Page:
On a balmy afternoon in May, a friend and I leave the subway station in Rosedale, one of Toronto’s oldest (and wealthiest) neighbourhoods, to find a house.
The home was befitting of the neighbourhood — a traditional row house, it was multi-storied and the hue of crème fraîche, with an asking price of $1.5 million. Parked in front of it was a 2011 silver Jeep Patriot, in which a woman with cropped, brown hair sat waiting. I’d put on a nice blouse to meet her that day. (My friend, who’d correctly intuited that it actually did not matter what we wore, was in her gym clothes.)
The woman in the Jeep was Catherine Starkman. She is, and has, for the past 35 years, worked as a psychic consultant in the Greater Toronto Area. Our assignment? To go into the Rosedale row house, which was on the market and hosting an open house that day, and find out whether any ghosts were roaming the grounds.
In Toronto, all homes are expensive — something pundits have variously blamed, over the years, on speculative buyers, wealthy foreigners or Airbnb. When a home has a bunch of actual, covetable characteristics — like generous square footage, recent renovations, and easy access to schools, green space, and public transportation — it will almost definitely sell at an even higher price than homes that don’t have these things.
But what about spiritual activity, or lack thereof? Much like proximity to green space, compatibility between a home’s spirits and its living residents is critical to a tranquil home life, Starkman says. So, isn’t it possible that a home’s level of spiritual activity might also affect its ultimate selling price?
Our task, then, was a simple one: we’d attend a few open houses, assess the level of spiritual activity therein, monitor how much the homes sell for, and determine whether there’s a correlation to be found between their ultimate selling price and their degree of hauntedness.
Who can afford to be slipshod in this market?
11 Tacoma Ave
Listing price: $1,298,000
List date: May 1, 2018
We’re still standing next to Starkman’s car, which is parked on the narrow street (the house has no driveway), when she introduces us to the main spirit of the house, with whom she has already started communicating: a little girl.
“She’s on the porch right now,” Starkman says. “When we go in she’ll go in with us. She’s been sitting on the stairs.”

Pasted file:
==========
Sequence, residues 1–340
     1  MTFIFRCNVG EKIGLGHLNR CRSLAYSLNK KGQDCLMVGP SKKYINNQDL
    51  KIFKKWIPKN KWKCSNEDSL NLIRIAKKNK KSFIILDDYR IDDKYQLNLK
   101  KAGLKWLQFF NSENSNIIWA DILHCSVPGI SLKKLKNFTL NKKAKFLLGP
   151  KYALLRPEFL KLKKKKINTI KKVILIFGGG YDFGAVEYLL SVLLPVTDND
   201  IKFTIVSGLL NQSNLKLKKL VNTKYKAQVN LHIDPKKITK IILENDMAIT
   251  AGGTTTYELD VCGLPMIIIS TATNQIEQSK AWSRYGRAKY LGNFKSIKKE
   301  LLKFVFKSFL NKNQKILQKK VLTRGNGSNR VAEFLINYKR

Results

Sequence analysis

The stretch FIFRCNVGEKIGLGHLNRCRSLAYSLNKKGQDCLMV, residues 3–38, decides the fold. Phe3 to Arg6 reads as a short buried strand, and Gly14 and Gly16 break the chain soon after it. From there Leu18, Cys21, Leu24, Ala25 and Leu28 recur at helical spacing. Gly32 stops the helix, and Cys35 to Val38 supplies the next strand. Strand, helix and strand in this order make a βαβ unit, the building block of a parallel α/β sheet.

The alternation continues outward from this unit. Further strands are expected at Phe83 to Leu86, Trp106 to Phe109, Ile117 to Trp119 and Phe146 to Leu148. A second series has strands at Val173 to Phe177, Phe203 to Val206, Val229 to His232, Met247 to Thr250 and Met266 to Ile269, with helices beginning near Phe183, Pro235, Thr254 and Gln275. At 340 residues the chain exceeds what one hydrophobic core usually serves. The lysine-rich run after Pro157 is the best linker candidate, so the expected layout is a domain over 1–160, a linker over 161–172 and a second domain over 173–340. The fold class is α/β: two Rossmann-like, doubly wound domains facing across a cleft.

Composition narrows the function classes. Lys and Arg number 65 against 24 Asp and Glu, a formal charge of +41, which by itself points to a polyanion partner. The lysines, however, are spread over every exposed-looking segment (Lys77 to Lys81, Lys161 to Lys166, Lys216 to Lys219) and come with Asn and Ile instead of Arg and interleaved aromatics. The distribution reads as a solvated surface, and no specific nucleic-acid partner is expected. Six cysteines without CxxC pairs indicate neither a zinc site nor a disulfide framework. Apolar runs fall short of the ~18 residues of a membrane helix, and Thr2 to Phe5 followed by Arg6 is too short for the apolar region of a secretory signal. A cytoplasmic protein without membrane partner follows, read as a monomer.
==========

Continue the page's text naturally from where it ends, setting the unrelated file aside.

The house smacks of recent renovations. When we do climb the porch and walk inside, we’re greeted by white walls (pristine), high ceilings (rapturous), hardwood floors (gleaming) and the real estate sales reps, to whom Starkman quickly introduces herself.
“We’re not going to hurt anything or touch anything,” she tells the two women, handing them her business card. “We’re going to basically communicate with the spirits that are in the house.”
There’s a long pause.
“Holy shit,” says one of the real estate reps.
After agreeing, essentially, not to “make a scene” while actual buyers looked over the house, we make our way upstairs and go into the smaller of the home’s two bedrooms, which has a balcony overlooking a modestly sized, enclosed backyard.
“This was her parents’ room,” Starkman explains. The girl died young, she continues, possibly from an illness. But she had been very happy in the house, so “she’s not leaving. Whoever buys this house, she will be here — but she won’t bother them as long as they’re the right people.”
Starkman says that the spirit would prefer children, especially ones who like or even play music. Her father had played the piano. “This house should sell because it’s a beautiful house, but not only that — she wants somebody here,” Starkman adds. “She wants people to live here. But she wants children. And she says if she doesn’t like the people, they’re not selling this house.”
Starkman believes that a bid on the house recently fell through for this very reason, but when we asked the real estate reps, they could not confirm whether or not this was the case.